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Intuition about forces

  1. Aug 24, 2014 #1
    1. The problem statement, all variables and given/known data
    A block starts sliding on an inclined plane inclined at an angle θ with the horizontal. The first half of the plane is frictionless and the second half has a co-efficient of friction μ. When the block reaches the bottom of the slope, it has velocity zero. Calculate the co-efficient of friction.


    2. Relevant equations
    W = mg, N = mgcosθ, F = μN



    3. The attempt at a solution
    Actually, my friend has solved the problem and has got the correct answer but I don't know if his method is correct. He says, if we apply a force F to an object continuously(gravitational force in this case). Then, if we apply an equal and opposite force -F, then the body will acquire a constant velocity but if we apply twice that force, the body will come to rest. So, in this case,
    2 μ mg cosθ = mg sinθ and μ = 2 tanθ which is the correct value for the co-efficient of friction. As the answer is correct, the method seems correct. But I don't know for sure. Is it correct?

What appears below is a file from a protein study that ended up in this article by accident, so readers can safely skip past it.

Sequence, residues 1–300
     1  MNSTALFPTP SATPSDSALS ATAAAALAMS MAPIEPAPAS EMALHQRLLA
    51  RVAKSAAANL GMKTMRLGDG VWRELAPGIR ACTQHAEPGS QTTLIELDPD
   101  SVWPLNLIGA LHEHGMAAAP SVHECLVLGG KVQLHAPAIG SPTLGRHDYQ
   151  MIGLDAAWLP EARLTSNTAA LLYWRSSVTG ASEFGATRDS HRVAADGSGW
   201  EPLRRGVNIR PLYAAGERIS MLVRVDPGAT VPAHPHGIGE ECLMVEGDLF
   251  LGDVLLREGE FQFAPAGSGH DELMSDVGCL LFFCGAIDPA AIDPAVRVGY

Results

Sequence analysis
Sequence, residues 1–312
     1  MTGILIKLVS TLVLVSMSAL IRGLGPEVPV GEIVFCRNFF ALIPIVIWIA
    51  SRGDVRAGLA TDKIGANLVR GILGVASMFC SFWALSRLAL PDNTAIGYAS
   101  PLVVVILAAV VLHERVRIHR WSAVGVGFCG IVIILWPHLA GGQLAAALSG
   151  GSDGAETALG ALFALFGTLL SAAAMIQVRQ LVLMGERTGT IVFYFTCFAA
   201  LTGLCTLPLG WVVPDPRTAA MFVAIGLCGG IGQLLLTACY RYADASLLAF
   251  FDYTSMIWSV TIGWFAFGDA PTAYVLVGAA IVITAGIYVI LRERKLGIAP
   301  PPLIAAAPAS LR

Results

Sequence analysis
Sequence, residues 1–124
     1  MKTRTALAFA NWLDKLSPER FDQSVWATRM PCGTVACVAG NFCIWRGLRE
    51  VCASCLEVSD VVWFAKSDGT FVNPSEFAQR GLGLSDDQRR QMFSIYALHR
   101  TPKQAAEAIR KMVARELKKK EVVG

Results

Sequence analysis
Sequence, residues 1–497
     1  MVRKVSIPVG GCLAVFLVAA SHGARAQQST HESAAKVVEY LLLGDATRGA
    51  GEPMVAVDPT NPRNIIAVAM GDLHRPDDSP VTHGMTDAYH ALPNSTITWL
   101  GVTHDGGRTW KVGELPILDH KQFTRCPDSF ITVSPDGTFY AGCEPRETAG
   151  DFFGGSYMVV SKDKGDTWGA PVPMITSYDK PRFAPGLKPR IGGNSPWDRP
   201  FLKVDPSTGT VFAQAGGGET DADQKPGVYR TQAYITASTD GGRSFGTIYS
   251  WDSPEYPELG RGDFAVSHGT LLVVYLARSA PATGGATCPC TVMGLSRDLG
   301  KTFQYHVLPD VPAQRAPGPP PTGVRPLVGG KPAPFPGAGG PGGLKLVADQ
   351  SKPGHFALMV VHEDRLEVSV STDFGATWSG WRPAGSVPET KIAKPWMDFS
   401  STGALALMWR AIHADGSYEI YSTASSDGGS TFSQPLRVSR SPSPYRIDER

2. jcsd
  3. Aug 24, 2014 #2

    Nathanael

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    I think his explanation is excellent.



    Edit:
    The reason it works is only because of constant accelerations.

    Since there is a constant acceleration, his method results in an equal average velocity for both halfs (and therefore equal times for which the force is being applied)

    It's a sort of "symmetry" about the problem, and I think that's probably the way the problem was intended to be solved
     
    Last edited: Aug 24, 2014
  4. Aug 24, 2014 #3
    Okay. Thanks.
     
  5. Aug 24, 2014 #4

    haruspex

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    You meant μ mg cosθ = 2 mg sinθ, right?
     
  6. Aug 24, 2014 #5
    Oh yes. Was in a hurry. So . . .
    Can you show how does one go about proving it because just saying so might not be enough.
     
  7. Aug 24, 2014 #6

    haruspex

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    There are other ways of expressing what is essentially the same argument.
    E.g. in terms of work, the downslope component of the gravity acts over the full length of the slope: W = L mg sinθ. The same work is done against friction, since no KE left at the end: (L/2) mg cos θ.
     
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